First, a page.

5 Productivity Tips for Data Scientists

by Janet Miller

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Many articles talk about how professionals can make their workdays extra productive. However, for people like data scientists, whose jobs are extremely demanding, some tips are more valuable than others. For instance, it is important that you analyse how you spend your time. In the same breath, it would be in your best interest to organise your time into blocks, as these can help you focus on tasks – one at a time and without any interruption – and automate any process that you repeat. Of course, attaining a certain level of productivity requires more than just abiding by the aforementioned tips. That being the case, here are some other productivity tips you can follow and take inspiration from.

1. Improve Your Iteration Time

As Dr. Phil Winder suggests in his book Reinforcement Learning, your efficiency is predominantly controlled by how fast you can iterate. Stress levels, the number of bugs, and the quality of the code are all related to the length of the feedback cycle. Luckily, there are many ways you can improve your iteration time. One way is by treating each iteration as an experiment. Like in any other experiment, in order to gain valuable insights in a systematic manner, you have to make full use of the scientific method: observe, formulate a question, experiment, and analyse.

While you are at it, monitor the duration of your iterations and try to determine the moments when you are “sat waiting”. Once you’ve picked out those moments, examine them. Try to understand the things that are eating up your time and to eliminate them. If that’s not possible, you can opt to break them down into shorter steps. For example, you could instead train smaller models or turn big ones into hierarchical problems.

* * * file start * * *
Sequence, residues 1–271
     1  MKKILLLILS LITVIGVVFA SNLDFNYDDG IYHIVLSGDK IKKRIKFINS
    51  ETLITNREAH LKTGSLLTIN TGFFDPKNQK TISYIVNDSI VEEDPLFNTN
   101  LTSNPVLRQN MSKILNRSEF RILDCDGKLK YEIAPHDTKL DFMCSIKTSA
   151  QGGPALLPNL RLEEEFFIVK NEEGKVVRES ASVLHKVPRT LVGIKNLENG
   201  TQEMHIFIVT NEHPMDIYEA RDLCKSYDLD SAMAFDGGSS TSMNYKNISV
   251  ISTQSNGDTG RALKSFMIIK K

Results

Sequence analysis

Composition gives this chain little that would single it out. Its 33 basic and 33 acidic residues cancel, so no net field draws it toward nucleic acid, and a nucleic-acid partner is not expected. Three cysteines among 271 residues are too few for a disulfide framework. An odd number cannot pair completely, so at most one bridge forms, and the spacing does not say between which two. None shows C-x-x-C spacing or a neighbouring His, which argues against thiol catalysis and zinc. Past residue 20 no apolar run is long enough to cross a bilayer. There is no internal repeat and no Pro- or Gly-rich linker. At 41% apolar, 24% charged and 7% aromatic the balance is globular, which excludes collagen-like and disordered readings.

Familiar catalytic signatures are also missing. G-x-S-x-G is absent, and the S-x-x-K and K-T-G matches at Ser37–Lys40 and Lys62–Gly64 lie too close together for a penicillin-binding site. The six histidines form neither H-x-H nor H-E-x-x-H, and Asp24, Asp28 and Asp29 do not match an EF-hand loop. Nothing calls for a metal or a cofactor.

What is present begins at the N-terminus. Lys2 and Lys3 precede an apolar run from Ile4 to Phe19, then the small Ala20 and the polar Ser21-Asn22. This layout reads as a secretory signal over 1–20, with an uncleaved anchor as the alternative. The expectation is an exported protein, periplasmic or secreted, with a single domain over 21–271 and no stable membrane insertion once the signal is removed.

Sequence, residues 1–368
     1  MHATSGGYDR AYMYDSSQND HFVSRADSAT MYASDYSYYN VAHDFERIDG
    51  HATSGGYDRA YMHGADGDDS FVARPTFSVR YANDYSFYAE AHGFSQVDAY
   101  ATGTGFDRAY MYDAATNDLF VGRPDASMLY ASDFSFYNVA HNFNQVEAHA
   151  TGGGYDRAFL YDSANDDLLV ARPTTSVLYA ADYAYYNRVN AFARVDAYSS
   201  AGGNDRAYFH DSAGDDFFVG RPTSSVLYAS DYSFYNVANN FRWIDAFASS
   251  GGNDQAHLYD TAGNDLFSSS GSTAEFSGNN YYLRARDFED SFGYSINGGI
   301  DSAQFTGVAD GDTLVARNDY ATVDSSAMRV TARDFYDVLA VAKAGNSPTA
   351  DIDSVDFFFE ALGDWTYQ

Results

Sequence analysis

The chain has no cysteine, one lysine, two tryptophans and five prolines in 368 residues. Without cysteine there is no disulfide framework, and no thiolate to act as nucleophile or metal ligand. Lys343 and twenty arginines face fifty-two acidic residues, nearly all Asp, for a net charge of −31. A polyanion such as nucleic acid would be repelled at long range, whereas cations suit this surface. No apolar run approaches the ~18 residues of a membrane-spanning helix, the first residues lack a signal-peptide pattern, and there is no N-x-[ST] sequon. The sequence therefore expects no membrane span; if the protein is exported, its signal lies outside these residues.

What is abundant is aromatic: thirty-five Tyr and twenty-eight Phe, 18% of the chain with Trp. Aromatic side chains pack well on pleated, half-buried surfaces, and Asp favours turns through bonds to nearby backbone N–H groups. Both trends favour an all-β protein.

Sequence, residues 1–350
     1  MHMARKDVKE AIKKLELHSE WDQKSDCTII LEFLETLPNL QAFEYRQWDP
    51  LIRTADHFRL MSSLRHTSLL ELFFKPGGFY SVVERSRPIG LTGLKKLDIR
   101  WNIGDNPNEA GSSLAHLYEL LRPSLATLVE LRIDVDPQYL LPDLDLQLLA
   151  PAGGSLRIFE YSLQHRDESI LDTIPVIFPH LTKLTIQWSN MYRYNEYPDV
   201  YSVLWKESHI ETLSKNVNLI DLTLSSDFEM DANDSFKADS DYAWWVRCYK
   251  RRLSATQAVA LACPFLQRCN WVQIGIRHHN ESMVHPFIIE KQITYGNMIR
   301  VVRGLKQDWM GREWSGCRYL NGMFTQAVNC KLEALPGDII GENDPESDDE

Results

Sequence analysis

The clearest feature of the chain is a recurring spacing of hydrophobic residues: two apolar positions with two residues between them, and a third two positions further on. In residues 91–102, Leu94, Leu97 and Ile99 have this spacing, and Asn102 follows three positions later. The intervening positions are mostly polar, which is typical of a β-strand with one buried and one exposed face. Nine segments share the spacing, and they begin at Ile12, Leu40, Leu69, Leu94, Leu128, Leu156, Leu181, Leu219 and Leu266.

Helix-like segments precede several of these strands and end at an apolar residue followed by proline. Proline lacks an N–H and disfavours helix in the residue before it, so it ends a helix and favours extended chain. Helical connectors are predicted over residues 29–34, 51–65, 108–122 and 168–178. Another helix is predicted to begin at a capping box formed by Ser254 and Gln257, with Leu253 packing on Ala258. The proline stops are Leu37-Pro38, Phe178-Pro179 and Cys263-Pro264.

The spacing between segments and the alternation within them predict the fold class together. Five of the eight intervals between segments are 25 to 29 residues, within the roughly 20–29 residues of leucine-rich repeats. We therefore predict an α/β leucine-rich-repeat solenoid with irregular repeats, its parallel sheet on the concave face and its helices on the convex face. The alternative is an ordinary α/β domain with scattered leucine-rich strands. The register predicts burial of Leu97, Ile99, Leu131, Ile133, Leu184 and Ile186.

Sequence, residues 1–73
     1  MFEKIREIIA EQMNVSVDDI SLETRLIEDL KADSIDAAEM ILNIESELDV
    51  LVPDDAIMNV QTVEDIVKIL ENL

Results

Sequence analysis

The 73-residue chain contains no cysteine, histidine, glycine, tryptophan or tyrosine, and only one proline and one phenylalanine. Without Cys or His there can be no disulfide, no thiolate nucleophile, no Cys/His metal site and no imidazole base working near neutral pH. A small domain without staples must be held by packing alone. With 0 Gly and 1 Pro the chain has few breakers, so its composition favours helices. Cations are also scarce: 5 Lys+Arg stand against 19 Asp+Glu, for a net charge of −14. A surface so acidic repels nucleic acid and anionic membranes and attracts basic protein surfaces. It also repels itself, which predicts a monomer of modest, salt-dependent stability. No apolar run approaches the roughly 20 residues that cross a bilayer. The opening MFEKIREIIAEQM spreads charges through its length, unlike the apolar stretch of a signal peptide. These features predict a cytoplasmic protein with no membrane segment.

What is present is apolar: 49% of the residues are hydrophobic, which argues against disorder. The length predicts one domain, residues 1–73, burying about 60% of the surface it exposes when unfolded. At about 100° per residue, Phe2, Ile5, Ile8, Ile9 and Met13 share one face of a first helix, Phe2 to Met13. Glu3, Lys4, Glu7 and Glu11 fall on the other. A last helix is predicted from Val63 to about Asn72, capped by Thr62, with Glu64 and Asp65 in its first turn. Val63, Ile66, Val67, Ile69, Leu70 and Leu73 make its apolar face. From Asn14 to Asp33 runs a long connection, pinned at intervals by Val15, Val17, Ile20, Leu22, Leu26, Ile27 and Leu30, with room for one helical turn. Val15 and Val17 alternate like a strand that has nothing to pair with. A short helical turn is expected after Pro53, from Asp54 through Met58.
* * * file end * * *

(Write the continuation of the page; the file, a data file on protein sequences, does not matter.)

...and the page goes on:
2. Data Wrangling

As a data scientist, about two-thirds of your time will most likely be spent on working on and improving data. Unfortunately, after taking every other process into consideration, a lot of this time will most likely be spent blocked waiting on others. One of the best ways to make the most of your time and significantly reduce this blocked waiting period is by getting organised.

As much as possible, try to anticipate the kinds of data you will need at a given time and get your hands on them beforehand. You could use data dependency graphs to expose application dependencies.

Aside from getting organised, you can also develop your own tooling that can aid in the automation of the analysis phase and a domain-specific toolkit that will enable you to generate everything you would need for future analysis.

3. End-To-End Projects: Improve Your Software Engineering and MLOps Skills

Dr. Phil Winder strongly believes that engineers should proactively gain lots of experience in complementary fields and try to become something of a “jack-of-all-trades”. After all, these efforts can help you deliver value at a faster rate without having to depend on anyone else. Furthermore, it’s important that you work on your ability to write production-ready code and deploy your code into an environment that gives users early access to your work. Doing so will help dramatically reduce the probability of project failure.